How it helps you:

                                                                This question is so useful because it lets you pick an element of the culture that you really care about and that will have the most impact on whether you are happy with the organization.

                                                                For example, if training and development is important to you, then you need to know what’s on offer so you don’t end up in a dead-end job with no learning opportunities.

                                                                Companies often talk a good talk, and their press releases may be full of shiny CSR initiatives and all the headline-grabbing diversity programs they’re putting in place. This is your opportunity to look under the hood and see if the company lives its values on the ground.

                                                                Advertising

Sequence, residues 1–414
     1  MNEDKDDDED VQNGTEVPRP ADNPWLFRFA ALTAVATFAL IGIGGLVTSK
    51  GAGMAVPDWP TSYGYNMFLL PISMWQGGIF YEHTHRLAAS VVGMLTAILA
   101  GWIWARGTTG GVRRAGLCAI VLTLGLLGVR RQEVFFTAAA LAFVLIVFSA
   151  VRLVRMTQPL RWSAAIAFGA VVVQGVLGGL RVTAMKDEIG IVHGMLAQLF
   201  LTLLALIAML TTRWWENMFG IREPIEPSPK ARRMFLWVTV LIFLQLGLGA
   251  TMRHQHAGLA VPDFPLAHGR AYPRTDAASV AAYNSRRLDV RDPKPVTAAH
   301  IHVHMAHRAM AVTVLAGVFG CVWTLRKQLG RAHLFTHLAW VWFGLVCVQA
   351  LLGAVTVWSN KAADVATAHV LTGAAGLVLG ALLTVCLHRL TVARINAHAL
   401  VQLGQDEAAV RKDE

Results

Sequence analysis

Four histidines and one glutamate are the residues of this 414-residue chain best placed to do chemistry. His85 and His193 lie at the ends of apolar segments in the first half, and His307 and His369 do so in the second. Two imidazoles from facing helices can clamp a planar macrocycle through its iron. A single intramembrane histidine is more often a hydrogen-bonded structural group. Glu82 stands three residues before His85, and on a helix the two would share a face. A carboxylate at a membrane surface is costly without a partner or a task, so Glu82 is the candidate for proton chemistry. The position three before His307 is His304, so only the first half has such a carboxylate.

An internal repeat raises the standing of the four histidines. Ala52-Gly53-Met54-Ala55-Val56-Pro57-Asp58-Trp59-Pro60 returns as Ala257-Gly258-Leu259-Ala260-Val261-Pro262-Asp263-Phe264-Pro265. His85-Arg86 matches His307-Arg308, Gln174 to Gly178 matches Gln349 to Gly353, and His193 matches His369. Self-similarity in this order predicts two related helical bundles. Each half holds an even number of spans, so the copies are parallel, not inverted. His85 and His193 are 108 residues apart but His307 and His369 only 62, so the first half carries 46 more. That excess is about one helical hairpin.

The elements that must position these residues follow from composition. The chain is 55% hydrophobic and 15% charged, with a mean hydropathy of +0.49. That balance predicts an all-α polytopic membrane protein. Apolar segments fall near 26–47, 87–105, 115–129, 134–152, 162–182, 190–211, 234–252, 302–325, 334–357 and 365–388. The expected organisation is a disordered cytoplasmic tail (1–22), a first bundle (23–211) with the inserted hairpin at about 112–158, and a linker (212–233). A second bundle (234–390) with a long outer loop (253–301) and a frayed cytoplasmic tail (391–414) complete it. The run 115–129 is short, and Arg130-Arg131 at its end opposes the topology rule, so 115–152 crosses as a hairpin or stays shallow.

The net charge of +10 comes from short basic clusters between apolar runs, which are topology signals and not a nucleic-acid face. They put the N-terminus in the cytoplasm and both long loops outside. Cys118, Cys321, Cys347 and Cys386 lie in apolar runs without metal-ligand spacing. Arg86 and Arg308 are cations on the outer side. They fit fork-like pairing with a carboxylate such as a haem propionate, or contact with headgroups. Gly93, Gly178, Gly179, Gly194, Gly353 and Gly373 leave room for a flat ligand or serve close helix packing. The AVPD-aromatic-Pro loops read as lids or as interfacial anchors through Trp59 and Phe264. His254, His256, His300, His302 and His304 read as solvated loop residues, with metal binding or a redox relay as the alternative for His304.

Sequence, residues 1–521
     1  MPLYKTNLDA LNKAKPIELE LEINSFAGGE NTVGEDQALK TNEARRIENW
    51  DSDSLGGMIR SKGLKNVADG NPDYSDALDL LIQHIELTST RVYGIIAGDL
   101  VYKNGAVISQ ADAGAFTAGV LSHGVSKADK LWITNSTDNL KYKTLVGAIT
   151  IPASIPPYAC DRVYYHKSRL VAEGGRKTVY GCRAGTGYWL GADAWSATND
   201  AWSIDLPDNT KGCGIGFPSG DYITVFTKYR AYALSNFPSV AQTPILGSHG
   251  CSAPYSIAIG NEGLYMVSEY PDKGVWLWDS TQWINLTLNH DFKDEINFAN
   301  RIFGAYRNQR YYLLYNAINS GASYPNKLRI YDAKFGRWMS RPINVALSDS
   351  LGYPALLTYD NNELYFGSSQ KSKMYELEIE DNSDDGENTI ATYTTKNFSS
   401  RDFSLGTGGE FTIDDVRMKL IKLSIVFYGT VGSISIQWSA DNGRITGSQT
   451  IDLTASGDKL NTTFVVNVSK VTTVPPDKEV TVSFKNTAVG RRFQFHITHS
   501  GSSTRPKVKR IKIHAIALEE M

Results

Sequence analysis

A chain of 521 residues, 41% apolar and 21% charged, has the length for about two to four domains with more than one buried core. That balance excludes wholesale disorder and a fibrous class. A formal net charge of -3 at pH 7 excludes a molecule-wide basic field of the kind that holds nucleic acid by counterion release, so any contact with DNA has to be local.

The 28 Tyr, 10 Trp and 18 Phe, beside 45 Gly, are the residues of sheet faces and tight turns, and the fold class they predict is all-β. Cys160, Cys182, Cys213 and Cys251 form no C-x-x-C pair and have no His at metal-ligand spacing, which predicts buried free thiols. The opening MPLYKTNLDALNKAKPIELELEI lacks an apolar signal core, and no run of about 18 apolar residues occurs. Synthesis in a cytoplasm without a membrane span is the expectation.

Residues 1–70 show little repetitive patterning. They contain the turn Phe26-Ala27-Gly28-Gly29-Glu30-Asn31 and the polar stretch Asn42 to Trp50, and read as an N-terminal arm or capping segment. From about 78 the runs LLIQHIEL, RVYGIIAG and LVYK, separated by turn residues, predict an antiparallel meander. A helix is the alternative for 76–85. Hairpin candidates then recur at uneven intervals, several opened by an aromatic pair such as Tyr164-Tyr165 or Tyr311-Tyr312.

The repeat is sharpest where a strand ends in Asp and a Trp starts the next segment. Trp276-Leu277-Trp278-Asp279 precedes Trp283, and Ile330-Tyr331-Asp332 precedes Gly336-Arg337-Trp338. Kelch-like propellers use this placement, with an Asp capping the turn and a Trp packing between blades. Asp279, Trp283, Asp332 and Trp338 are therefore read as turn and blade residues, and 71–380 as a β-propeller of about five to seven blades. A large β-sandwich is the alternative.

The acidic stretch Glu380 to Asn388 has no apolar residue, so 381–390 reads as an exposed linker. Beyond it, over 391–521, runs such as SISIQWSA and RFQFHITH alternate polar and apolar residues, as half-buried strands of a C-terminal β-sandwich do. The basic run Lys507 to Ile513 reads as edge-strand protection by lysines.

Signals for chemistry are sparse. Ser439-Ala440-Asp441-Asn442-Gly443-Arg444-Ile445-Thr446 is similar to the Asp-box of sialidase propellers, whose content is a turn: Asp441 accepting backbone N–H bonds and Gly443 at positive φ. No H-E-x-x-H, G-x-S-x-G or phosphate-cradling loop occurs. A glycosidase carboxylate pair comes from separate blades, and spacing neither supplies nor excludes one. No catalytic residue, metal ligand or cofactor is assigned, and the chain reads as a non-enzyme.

A company that says it is committed to doing the right thing by customers should not judge success by the number of up-sells an employee makes, for instance. Look for consistency, so you aren’t in for a culture shock after you start.

                                                                4. What is the promotion path for this role, and how would my performance on that path be measured?

                                                                To be clear, you are not asking when you will get promoted. Don’t go there—it’s presumptuous, and it indicates that you think you are better than the role you have applied for.

                                                                A career-minded candidate, on the other hand, usually has a plan that she’s working towards. This question shows you have a great drive toward growth and advancement and an intention to stick with the company beyond your current state.

                                                                How it helps you:

                                                                One word: hierarchy.

                                                                All organizations have levels of work and authority—executives, upper managers, line managers, the workforce, and so on. Understanding the hierarchical structure gives you power, because you can decide if you can work within it and are capable of climbing through its ranks, or whether it will be endlessly frustrating to you.